Most otitis externa cases can be sufficiently managed by topical therapy; however, otitis is likely to return after topical treatment if the underlying cause (e.g., allergy) is not addressed. Before beginning therapy, ensure that the amount of debris in the ear canal is minimal; excessive ear debris should be removed by a deep ear flush. If the ear canals are severely inflamed, the authors recommend pretreatment with systemic anti-inflammatory drugs (e.g., prednisolone) before flushing. A thorough ear flush will enable visualization of the tympanic membrane but will also prevent trapping and inactivation of ear medication in the debris. After successful treatment of an ear infection and inflammation, regular ear cleaning at home (every 7 to 14 days as needed) will also help reduce accumulation of otic material and recurrence of infections. Ear cleaners have different properties (e.g., drying, antiseptic, and/or cerumenolytic) and should be selected according to specific needs. TABLE 2 lists some of the ear cleaners available on the market.

TYPE OF OTITIS EXTERNA AND TREATMENTS

Acute Otitis Externa 

Acute otitis externa typically appears as acute onset of increased head shaking/scratching and inflammation for several days. Some cases can be quite painful, and the ear canal can be edematous from the inflammation, which can make an otoscopic examination very difficult, even with the patient under sedation. 

The otoscopic examination can be facilitated by giving patients a short course of oral glucocorticoids (e.g., 1 mg/kg prednisone/prednisolone q24h) to help reduce pain and inflammation. A common cause for acute otitis externa is foreign bodies (e.g., grass awns). Removing the foreign body will result in a fast recovery and eliminate the need for further treatment in the absence of secondary infection.

Chronic Otitis Externa

Ear diseases that have been present for at least 1 month or that recur frequently are considered chronic. Management of chronic cases is more challenging (BOX 1). If the underlying primary cause is not addressed appropriately, antimicrobial drug resistance and/or progressive, nonreversible pathologic changes (e.g., ear canal cartilage mineralization) can result. For up to 70% of dogs with chronic otitis externa, the driving factor for the chronic inflammation is allergy.1 Given increased moisture, increased temperature, and altered cerumen composition, chronic inflammation within the ear canal provides the ideal environment for microbial overgrowth and infections.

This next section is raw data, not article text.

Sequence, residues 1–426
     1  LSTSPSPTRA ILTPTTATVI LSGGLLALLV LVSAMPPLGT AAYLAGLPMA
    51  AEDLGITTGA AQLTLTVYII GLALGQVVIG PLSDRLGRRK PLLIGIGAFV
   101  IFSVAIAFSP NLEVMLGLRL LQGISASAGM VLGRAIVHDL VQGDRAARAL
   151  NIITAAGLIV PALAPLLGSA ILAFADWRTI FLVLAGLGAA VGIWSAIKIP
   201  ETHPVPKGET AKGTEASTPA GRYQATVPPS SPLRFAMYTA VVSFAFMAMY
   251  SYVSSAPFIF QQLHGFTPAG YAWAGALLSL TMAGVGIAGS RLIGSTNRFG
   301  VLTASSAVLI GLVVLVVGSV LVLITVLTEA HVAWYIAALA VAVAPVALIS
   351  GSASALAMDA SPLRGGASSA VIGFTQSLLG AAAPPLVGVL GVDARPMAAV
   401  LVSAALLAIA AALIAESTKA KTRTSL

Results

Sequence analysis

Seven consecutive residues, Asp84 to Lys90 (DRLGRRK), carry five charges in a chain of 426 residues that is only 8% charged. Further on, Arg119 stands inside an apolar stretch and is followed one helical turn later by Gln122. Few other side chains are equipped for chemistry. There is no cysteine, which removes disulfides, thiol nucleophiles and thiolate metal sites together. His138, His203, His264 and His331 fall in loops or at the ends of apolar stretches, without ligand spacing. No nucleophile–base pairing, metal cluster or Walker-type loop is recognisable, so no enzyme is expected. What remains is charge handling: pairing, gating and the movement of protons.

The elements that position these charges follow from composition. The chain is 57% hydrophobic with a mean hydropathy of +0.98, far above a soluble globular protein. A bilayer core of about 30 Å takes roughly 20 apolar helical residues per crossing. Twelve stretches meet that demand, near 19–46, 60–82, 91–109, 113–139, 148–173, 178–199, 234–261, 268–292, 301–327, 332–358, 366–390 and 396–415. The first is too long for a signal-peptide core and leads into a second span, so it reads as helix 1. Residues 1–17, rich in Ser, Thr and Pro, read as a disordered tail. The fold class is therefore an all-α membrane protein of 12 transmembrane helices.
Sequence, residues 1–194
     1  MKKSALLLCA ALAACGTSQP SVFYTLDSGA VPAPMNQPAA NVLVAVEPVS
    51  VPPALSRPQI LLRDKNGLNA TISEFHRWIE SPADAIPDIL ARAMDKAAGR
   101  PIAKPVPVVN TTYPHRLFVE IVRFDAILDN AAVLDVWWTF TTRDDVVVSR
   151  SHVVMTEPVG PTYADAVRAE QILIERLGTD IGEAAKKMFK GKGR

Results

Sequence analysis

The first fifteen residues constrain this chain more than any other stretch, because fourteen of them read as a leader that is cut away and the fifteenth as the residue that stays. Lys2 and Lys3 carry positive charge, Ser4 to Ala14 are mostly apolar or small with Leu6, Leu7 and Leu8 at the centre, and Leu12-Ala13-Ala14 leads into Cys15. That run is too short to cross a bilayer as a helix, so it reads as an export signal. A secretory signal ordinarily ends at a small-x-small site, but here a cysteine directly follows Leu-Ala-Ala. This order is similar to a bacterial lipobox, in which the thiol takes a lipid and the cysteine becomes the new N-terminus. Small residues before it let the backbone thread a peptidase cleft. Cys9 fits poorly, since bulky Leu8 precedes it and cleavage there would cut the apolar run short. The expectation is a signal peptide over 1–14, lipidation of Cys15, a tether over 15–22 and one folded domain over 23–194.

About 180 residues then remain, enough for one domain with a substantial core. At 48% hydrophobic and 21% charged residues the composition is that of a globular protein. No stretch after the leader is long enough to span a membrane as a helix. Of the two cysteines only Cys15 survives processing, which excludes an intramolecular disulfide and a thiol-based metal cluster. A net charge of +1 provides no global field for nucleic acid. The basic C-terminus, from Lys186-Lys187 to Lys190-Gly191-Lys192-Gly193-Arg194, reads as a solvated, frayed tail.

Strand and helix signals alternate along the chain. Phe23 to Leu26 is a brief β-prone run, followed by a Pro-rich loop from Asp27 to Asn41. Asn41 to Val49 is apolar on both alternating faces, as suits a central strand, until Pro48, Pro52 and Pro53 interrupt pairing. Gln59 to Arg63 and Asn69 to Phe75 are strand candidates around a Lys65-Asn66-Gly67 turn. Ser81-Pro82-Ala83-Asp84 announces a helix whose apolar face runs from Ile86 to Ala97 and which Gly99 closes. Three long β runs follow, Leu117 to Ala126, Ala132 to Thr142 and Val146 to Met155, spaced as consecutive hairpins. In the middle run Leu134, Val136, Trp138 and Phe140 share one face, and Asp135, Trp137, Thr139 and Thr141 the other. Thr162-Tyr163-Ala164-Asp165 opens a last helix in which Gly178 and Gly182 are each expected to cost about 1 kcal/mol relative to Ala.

BOX 1 Key Points for the Successful Management of Chronic Otitis Externa
  1. Identify and correct primary causes.
  2. Remove debris and discharge.
  3. Treat secondary infections topically.
  4. Treat inflammation topically and orally, as needed.
  5. Individualize long-term management.
  6. Improve client compliance by providing thorough and clear instructions.
  7. Schedule follow-up ear examinations, as needed.

Although it is important to treat the infections, it is also important to address the inflammation and underlying problem. Depending on the severity of the inflammation and stenosis, oral glucocorticoids may be needed to reduce ear canal inflammation. Prednisolone (1 to 2 mg/kg q12h to q24h for 1 to 3 weeks) or dexamethasone (for more severe cases) is recommended. A pilot study of 5 dogs indicated that cyclosporine may be another potent anti-inflammatory drug and that it may effectively control chronic otitis, especially with long-term use.3 All of these drugs should be used at the lowest possible doses and frequencies to prevent recurrence of the otitis.4